Tribute to a friend and family member

Published 12:00 am Saturday, May 14, 2005

Most of you probably did not know her, but Judy Thomas, or Mrs. Judy as we at the Advocate liked to call her, died Monday.

Mrs. Judy, who was the mother of our managing editor Jay Thomas, whose column usually runs in this place each Saturday, worked for us here at the Advocate.

She and her husband Sylvester were riding the roads of Butler County while most of us slept making sure the news got out every week.

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If you were charting the delivery of your newspaper, her hands, and those of her husband, were the last ones to touch your newspaper before it was handed off to the post office for delivery to your mailbox. Indeed, they made sure that all the work done by our editorial and advertising staffs weren't for naught.

While the role she played for us here at the Advocate was extremely important, it was insignificant compared to the role she played in her family.

On Thursday, Mrs. Judy was buried after a heart-felt ceremony held at New Ebenezer Church in Highland Home. All of us here at the Advocate attended the funeral to be there for Jay, our friend and co-worker, who obviously loved his mother dearly, and to honor the memory of Mrs. Judy.

I would often hear Jay talking to his mom on the phone, having those mother-son conversations that told me they cared for each other deeply like a mother and son should.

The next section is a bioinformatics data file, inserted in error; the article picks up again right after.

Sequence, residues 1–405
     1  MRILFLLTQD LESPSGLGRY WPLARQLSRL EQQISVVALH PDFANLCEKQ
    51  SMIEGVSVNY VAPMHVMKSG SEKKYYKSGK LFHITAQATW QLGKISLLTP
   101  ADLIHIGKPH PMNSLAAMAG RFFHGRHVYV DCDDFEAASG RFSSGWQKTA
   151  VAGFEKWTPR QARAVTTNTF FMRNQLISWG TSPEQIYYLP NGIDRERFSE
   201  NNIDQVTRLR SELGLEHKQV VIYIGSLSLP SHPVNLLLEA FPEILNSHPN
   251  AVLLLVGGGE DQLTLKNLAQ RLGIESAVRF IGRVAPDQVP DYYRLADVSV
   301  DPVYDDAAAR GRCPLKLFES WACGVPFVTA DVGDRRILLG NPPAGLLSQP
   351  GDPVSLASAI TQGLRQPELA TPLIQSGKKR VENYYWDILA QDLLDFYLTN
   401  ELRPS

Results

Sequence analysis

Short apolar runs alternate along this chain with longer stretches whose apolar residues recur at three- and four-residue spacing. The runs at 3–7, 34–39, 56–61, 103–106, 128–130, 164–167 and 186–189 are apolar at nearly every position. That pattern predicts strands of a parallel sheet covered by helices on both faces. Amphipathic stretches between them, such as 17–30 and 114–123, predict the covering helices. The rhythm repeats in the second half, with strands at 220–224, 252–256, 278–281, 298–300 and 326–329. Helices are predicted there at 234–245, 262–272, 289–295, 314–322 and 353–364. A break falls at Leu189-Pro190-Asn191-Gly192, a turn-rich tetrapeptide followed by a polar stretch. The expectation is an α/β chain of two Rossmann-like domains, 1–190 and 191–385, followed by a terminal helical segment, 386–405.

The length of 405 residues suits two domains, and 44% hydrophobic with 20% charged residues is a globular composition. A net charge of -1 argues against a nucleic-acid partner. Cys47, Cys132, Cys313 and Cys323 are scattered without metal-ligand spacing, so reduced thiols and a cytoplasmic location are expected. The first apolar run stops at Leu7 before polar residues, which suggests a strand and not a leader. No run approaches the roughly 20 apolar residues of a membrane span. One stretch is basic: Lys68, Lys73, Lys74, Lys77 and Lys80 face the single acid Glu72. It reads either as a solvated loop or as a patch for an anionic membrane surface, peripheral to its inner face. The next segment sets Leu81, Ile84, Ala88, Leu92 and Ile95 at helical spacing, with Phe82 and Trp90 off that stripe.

She was a special lady who did for others before she did for herself.

At the funeral I noticed several members of the Air Force in attendance and wondered what the connection was. I discovered later that they were in her son James' Guard unit.

While the unit was overseas, the person told me Mrs. Judy got the names of each member of her son's unit and sent them a care package each month – a small example that shows she gave of herself for the benefit of others more than most.

The grief Jay and his family displayed during the visitation and funeral was heart-wrenching and we grieved with them. You see, here at the Advocate we are like a family. Yes, we all have roles to play and like healthy families we squabble from time to time, but we're family and we care for each other.

On an average week most of us spend more of our waking hours with out co-workers than we do with out own families. We do that because we care about what we do and we know we're serving a higher purpose than just coming to a job every day. That's why when something tragic happens in our lives, we all grieve.

While tragic, Jay, Sylvester and the rest of their family can take solace in the fact that while Mrs. Judy was only with us a short time, she spread more love amongst her family and friends than most people do who live much longer.

Dennis Palmer is publisher of The Greenville Advocate. He can be reached at 383-9302, ext. 125 or by email: